6 answers
Asked Viewed 166 times Translate

Do you need a lot experience to be a electrical engineerer


+25 Karma if successful
From: You
To: Friend
Subject: Career question for you
5
100% of 3 Pros

6 answers


Updated Translate

John’s Answer

The experience you need to be any type of engineer, including electrical, comes fundamentally in two parts: education and on-the-job experience.

An undergraduate program to get a bachelor's degree typically takes four years. A master's degree is an additional one to two years, dependent on the program and field. Your initial years of employment is where you put all this learning together to be able to practically apply your knowledge to solving real world problems. You should never "stop learning". Your value as an engineer and likely your interest in the field is dependent on this continued learning process, which continues through your whole career.

1
100% of 1 Pros
Updated Translate

Bill’s Answer

Hi Jean, I am an Electrical Engineer (EE) by training, although now I am a technical program manager in a large engineering organization.
I agree with both John and Daryl’s answers about getting a good education, the importance of on-the-job training, and to never stop learning.
I’d like to add that I highly recommend that you enroll in a Co-op or intern program at the university that you are attending (or plan to attend). The work experience that you gain while in school is invaluable to help you decide what specific EE areas that you do/do not want to pursue in your career. Additionally, the work experience gives you an advantage over someone who does not have that experience as you search for that career coming out of college.

0
Updated Translate

Daryl’s Answer

Hi Jean,

I'm an electrical engineer so happy to give my perspective on your question.

In general any engineering path starts with education, usually through a 4 years bachelor degree. However once you have that degree there are varying levels of engineering you can do based on your experience.

Generally companies will hire new grads/interns that have completed their degree but have little to no other experience. You will then do a lot of learning on the job.
There is then generally a point where you become an "engineer-in-training" where you are expected to have some experience 2-3 years and will be given more responsibility.
Finally you get to the point where you become a "professional engineer" at this point you are generally licensed by an oversight board and have to have demonstrated significant experience in your field of expertise.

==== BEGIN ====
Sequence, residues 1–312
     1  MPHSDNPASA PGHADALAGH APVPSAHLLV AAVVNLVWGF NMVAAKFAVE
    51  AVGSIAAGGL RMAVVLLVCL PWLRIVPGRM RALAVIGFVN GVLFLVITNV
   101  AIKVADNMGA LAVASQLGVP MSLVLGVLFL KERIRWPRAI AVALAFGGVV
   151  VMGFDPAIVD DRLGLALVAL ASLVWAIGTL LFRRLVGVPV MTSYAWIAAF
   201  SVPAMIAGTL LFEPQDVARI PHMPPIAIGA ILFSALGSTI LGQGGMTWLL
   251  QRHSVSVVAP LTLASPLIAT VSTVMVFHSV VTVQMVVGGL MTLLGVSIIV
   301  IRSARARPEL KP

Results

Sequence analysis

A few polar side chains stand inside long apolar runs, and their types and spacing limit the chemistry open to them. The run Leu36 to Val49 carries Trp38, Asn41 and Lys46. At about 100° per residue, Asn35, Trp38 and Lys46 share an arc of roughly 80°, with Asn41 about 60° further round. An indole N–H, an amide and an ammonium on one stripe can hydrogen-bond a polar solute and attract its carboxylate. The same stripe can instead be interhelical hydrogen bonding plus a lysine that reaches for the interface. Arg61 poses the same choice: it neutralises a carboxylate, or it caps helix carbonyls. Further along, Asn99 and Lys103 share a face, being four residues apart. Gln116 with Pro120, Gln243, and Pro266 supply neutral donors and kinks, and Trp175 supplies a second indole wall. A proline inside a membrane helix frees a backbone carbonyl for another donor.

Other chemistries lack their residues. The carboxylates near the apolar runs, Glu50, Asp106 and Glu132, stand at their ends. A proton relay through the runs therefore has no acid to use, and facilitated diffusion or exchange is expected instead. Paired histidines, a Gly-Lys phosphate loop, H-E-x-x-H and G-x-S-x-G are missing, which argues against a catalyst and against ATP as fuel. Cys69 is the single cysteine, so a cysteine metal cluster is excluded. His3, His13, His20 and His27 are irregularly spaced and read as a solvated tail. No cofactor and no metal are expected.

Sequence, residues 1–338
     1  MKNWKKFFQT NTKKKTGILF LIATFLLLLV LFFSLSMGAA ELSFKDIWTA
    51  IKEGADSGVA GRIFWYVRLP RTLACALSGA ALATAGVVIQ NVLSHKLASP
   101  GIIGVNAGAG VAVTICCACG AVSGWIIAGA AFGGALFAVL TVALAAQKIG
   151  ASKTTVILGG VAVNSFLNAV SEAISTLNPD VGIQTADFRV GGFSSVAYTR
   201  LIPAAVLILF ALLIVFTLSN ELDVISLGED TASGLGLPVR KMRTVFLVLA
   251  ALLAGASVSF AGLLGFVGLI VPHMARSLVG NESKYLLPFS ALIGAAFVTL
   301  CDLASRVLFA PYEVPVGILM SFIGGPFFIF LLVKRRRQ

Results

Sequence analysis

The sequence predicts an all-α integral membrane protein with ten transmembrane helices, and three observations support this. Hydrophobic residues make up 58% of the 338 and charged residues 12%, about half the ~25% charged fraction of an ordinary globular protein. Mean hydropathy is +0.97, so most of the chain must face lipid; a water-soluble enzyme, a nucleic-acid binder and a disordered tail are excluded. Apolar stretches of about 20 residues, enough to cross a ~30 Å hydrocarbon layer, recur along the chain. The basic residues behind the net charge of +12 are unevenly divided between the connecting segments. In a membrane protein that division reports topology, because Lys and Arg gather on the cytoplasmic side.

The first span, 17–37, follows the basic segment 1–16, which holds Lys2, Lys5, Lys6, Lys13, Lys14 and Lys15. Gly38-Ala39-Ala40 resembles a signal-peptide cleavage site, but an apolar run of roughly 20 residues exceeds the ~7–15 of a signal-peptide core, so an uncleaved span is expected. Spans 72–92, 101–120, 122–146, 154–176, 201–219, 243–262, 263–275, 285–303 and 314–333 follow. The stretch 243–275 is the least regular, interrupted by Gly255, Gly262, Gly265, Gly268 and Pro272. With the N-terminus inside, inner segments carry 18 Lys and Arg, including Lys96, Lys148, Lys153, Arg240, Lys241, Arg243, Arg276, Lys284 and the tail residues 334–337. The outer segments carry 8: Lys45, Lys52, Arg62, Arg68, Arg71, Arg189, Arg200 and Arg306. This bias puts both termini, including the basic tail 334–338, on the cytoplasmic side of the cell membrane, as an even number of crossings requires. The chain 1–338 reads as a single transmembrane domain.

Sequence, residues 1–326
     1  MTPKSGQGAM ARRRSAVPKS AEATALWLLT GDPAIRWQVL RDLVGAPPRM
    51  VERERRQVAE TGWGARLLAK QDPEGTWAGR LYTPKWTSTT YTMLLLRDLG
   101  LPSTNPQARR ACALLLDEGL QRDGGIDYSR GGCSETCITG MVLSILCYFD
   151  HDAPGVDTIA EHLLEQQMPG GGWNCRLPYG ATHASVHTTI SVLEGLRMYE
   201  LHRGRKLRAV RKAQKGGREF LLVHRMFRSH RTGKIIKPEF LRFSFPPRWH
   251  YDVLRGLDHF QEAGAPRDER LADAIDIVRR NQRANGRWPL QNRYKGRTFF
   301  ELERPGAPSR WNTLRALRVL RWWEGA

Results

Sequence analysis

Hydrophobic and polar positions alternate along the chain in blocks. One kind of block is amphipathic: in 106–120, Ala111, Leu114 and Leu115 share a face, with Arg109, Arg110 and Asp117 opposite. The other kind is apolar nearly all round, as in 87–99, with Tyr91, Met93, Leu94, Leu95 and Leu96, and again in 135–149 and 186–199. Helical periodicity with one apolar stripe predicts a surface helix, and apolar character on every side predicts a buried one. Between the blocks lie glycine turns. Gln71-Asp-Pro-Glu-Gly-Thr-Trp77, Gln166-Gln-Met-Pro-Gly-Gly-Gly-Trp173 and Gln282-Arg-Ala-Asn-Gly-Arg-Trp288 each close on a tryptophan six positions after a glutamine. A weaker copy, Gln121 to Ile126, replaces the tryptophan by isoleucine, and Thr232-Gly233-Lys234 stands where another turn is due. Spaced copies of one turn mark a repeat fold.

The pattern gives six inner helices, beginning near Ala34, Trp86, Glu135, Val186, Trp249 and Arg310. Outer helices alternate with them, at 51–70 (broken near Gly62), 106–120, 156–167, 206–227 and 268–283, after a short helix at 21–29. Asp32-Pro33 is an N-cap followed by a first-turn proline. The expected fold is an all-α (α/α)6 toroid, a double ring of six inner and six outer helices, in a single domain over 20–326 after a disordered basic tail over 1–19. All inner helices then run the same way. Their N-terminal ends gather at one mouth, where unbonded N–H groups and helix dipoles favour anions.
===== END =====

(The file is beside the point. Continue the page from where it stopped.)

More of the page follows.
So in conclusion, becoming a new engineer does not require much experience, but does generally require education. To then move up in the career path you will need to increase your experience.

-Daryl

0
Updated Translate

John’s Answer

The experience you need to be any type of engineer, including electrical, comes fundamentally in two parts: education and on-the-job experience.

An undergraduate program to get a bachelor's degree typically takes four years. A master's degree is an additional one to two years, dependent on the program and field. Your initial years of employment is where you put all this learning together to be able to practically apply your knowledge to solving real world problems. You should never "stop learning". Your value as an engineer and likely your interest in the field is dependent on this continued learning process, which continues through your whole career.

0
Updated Translate

Steve’s Answer

Jean,
Great question! You will gain experience by doing and by experimenting. No one is born with experience, you need to go out and obtain that whether it's a part time job, research assistant, internship, etc. before getting that first professional engineering job. And don't forget, your first job doesn't have to define your entire career. It's OK (and I'd say recommended) to try different industries. You'll find almost all basic engineering disciplines (mechanical, electrical, software, etc.) in any major industry.

Steve

0
Updated Translate

Steve’s Answer

Jean,
Great question! You will gain experience by doing and by experimenting. No one is born with experience, you need to go out and obtain that whether it's a part time job, research assistant, internship, etc. before getting that first professional engineering job. And don't forget, your first job doesn't have to define your entire career. It's OK (and I'd say recommended) to try different industries. You'll find almost all basic engineering disciplines (mechanical, electrical, software, etc.) in any major industry.

Steve

0